They are finding all kinds of drugs in the state's waterways: ulcer medications, estrogen, and animal growth promoters. The drugs are coming from two main sources: municipal wastewater treatment plants and hog waste lagoons.
"We're just come to grips that these things may be occurring," says research geochemist Mike Meyer. "We don't even know the level of their occurrence yet."
Scientists want to learn what impact the drugs in the water may have on humans. The bulk of the work in the Triangle will determine if it will make disease-causing bacteria more resistant to medications.
"You could have a disease outbreak and an animal herd that you could no longer effectively treat with antibiotics," says analytical chemist Joe Baumgarner. "The potential is there. If we wait until the disaster occurs, or if a disaster does occur, then it's too late."
Although the amount of drugs in the wastewater is barely a drop in a bucket, the potential danger is a concern for people who run the plants.
"Any antibiotics I can't imagine them to be in anything but minute quantities, but we really don't know that," says Susan Turback of theNorth Carolina Department of Environmental and Natural Resources.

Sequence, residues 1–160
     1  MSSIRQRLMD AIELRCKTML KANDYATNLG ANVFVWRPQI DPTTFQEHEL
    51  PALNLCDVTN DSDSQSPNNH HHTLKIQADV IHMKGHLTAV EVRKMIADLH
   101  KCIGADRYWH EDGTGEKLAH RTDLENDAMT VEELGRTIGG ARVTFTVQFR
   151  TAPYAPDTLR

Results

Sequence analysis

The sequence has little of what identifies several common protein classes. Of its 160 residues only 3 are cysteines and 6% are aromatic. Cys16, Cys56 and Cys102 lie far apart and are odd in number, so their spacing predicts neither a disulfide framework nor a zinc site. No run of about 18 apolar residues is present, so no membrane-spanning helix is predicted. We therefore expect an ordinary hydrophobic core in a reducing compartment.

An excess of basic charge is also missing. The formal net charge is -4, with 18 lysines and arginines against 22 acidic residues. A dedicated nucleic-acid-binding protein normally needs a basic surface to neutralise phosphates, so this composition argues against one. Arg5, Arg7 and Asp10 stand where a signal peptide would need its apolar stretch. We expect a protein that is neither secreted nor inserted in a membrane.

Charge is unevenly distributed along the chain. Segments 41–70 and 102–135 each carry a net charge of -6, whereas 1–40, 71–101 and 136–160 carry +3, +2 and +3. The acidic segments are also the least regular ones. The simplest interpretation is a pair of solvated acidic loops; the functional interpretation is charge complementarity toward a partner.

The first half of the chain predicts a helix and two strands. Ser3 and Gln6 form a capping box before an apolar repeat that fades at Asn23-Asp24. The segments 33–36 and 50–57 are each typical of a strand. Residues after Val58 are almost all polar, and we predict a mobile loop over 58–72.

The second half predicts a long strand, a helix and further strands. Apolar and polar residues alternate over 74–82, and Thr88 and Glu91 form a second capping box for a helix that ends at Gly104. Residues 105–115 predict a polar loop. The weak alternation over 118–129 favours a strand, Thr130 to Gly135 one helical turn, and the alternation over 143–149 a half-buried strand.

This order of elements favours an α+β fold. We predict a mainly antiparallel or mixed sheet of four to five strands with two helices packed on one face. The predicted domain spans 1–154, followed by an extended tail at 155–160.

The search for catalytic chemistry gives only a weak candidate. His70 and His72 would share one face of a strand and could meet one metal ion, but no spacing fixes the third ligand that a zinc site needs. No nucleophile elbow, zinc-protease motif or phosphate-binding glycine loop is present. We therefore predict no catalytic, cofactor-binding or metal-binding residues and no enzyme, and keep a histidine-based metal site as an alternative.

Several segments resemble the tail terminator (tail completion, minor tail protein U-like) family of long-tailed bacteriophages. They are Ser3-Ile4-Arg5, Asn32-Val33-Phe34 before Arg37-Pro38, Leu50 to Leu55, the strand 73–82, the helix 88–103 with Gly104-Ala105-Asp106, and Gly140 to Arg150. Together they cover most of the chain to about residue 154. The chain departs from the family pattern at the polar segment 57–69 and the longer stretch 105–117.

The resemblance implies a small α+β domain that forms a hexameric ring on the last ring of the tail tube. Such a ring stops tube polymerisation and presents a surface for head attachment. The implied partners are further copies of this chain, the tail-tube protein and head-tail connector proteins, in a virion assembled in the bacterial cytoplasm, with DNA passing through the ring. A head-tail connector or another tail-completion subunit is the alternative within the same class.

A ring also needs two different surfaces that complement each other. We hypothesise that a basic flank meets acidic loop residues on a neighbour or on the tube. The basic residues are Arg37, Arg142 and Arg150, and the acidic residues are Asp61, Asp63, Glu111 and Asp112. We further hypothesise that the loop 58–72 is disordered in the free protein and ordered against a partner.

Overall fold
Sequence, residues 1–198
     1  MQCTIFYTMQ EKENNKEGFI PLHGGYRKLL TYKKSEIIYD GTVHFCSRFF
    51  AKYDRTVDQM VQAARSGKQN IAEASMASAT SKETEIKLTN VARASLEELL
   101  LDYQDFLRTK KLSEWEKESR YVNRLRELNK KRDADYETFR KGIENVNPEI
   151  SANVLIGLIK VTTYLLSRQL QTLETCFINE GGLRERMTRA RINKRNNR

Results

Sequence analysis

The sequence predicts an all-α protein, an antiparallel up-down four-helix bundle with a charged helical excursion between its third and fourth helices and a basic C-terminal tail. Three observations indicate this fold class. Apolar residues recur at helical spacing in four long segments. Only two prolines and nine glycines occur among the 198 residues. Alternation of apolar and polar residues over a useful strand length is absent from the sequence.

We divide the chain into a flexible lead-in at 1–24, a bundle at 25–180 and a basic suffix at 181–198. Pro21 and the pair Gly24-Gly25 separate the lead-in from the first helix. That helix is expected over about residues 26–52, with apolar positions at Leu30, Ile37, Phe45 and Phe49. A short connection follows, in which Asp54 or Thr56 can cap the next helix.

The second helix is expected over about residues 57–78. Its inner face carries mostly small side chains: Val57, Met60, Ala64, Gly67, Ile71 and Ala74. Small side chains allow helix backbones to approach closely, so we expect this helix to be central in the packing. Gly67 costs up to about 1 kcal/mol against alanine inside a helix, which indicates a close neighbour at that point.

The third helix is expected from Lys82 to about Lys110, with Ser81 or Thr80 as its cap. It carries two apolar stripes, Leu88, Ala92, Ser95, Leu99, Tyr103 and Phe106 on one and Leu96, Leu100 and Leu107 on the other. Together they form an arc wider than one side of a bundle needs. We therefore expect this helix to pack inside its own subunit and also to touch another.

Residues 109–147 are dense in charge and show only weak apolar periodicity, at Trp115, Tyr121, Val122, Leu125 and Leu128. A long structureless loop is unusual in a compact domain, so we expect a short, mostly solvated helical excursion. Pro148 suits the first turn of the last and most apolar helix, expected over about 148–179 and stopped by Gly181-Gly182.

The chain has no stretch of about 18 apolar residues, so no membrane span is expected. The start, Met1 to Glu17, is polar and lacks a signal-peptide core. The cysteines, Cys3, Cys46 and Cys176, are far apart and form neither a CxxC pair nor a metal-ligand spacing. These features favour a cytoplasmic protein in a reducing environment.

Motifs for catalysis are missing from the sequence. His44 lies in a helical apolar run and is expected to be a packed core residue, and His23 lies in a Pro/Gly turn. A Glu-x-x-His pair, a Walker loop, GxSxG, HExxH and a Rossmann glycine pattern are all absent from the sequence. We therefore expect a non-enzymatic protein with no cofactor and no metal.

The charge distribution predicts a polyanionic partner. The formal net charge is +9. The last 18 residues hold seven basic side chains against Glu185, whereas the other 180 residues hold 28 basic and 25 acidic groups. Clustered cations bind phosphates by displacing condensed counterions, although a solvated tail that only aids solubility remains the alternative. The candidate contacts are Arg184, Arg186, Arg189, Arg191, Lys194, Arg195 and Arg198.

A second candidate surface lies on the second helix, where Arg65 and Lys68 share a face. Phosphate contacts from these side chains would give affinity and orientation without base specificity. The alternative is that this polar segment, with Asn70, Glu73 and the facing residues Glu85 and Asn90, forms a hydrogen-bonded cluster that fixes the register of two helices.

The antibiotic issue is not only a concern with water, but the food we eat.
The dangerous food cycle starts with the same antibiotics in livestock feed. In turn, the bacteria builds up a resistance to the antibiotics that are used.
During meat and poultry processing, most, but not all of the bacteria is killed, which could lead to tainted meat. Medications may not work because the bacteria is resistant to drugs.
The best advice is to thoroughly cook any meat so the bacteria does not have a chance to survive.
The scientists emphasize their research may determine that the trace amounts of drugs are not harmful. The study will take several years.
TheNorth Carolina Pork Councildid not want to comment on the study.